“Worlds’ Finest” #12 doesn’t quite live up to deserving the brand “Finest” with a patchwork art crew composed of pencilers Kevin Maguire, Geraldo Borges, Robson Rocha and inkers J. P. Mayer and Wayne Faucher. Maguire, who has been the most solid visual contributor for this title, almost seems dismissive in his work here, with open backgrounds and incomplete action shots filling his panels. One such shot has Power Girl getting tackled by a group of security officers who apparently manifest from thin air. I’ve come to expect more of Maguire, but in his defense, he is working with a thin story.
Writer Paul Levitz cobbles together a story from selected scenes: the end of the party where Desaad reveals himself to Huntress and Power Girl; a flashback that seems shoe-horned into this issue just to maintain the structure of this series; and a deadly assault on Karen Starr’s base of operations. The flashback interlude adds very little to the overall story, but reaffirms Power Girl’s preference to be a public heroine. The characters themselves read as though they are walking in place. There is little pathos or emotion to be found, especially given the scope and comprehensiveness of Desaad’s attack. What should be done with howls of agony and gnashing of teeth is accomplished with tears wiped off with the back of a hand and a buddy-movie handshake while a declaration for vengeance is issued.
After reading this book, I had to jump back to the solicits to see what we were promised. I recalled there being a mention of Power Girl’s costume in the solicits and sure enough, here it is: “As Power Girl returns to her classic look, Desaad wreaks havoc on her tech empire — and PG and Huntress find themselves hunted by the talented torturer from Apokolips.” That’s almost exactly what happens in this issue, except the “return to the classic look” occurs in the third act, drawn by Robson Rocha and really doesn’t merit top billing. Rocha squeezes in a cheesecake pose as Karen ditches her dress for the costume, but the true focus of this issue is the destruction Desaad brings. Unfortunately, like much of this issue, that attack seems phoned in. Desaad commands an army of tanks that aren’t too different from the terrestrial version, undercutting the potential awesomeness of such a devastating scene.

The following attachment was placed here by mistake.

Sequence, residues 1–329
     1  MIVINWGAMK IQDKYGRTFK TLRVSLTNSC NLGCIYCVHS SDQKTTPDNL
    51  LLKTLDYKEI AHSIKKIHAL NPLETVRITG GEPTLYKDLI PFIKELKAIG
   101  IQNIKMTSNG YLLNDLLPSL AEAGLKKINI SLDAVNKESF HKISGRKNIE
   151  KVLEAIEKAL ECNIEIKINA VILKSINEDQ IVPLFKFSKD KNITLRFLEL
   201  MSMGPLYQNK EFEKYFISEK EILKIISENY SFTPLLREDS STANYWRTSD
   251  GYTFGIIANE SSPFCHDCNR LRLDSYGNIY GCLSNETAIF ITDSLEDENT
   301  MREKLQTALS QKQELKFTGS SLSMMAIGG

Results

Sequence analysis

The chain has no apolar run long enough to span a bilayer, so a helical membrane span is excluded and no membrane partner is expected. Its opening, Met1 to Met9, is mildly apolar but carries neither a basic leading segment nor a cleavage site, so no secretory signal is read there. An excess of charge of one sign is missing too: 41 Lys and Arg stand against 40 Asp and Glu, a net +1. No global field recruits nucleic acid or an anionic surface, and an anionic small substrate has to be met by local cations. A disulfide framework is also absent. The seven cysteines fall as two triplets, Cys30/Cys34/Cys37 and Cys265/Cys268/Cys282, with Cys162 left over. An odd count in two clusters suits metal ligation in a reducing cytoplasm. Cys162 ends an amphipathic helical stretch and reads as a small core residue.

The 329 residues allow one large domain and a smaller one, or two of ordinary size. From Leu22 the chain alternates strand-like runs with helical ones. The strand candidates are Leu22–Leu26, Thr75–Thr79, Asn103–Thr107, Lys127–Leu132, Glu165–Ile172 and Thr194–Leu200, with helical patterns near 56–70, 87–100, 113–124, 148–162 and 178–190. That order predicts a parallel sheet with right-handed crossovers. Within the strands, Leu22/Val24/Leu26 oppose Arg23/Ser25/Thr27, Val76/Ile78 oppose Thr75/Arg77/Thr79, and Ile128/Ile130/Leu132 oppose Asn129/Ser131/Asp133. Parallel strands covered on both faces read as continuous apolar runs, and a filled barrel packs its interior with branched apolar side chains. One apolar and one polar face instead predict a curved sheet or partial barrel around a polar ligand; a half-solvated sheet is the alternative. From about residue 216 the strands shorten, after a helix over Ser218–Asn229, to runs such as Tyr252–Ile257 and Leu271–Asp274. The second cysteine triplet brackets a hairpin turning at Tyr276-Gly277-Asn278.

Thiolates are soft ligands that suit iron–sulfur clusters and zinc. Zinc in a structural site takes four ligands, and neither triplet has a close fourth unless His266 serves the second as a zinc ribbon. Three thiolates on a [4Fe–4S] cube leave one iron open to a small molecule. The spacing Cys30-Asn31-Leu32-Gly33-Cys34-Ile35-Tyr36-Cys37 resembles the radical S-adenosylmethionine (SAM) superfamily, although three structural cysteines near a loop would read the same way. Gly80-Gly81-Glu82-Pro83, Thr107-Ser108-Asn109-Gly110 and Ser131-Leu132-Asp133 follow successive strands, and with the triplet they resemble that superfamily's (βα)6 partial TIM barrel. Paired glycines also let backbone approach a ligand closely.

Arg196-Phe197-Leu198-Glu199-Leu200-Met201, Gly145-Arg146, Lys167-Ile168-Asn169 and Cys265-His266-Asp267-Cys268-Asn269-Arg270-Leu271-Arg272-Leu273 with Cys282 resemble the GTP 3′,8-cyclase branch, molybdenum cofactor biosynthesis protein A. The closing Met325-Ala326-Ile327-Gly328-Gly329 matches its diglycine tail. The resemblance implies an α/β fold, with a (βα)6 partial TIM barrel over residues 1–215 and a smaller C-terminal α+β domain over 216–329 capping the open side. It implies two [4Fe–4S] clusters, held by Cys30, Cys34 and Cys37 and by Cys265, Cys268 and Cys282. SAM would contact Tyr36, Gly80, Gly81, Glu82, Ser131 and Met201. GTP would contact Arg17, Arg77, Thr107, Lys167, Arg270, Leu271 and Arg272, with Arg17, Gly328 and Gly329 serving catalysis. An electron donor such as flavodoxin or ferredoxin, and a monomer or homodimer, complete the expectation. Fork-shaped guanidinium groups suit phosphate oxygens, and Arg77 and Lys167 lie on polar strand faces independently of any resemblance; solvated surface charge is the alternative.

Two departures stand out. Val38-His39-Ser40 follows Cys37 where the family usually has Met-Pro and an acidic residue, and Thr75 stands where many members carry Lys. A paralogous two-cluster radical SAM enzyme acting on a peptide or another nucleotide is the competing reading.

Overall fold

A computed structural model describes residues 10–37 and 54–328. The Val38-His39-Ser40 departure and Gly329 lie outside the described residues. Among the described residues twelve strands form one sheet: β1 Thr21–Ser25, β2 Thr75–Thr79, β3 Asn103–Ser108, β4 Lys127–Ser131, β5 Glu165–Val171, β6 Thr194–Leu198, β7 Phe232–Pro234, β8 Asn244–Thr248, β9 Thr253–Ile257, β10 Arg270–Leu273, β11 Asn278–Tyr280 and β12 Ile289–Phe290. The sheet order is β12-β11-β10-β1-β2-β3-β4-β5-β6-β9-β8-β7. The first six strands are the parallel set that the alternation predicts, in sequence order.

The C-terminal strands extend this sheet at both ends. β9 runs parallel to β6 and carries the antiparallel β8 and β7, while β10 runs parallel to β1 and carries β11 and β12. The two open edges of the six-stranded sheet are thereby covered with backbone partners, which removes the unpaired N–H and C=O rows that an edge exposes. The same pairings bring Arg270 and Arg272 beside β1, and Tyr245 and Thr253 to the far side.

“Worlds’ Finest” #12 is the latest installment for a title that simply seems to have lost its way. As James Robinson’s “Earth 2” finds its ground and blossoms, “Worlds’ Finest” seems to wither on the vine. A single quest has dragged this book along for a year, now a new quest arises. There is a parallel between this book and Robinson’s in that both books now prominently feature a member of the Fourth World pantheon, but Levitz has failed to add depth to the maniacal workings of Desaad. At this point, I’d almost rather see this book cease on its own and the adventures of Power Girl and Huntress be relegated to the backup of “Earth 2,” as the stories seem destined to connect, but “Worlds’ Finest” doesn’t offer enough pizzazz on its own.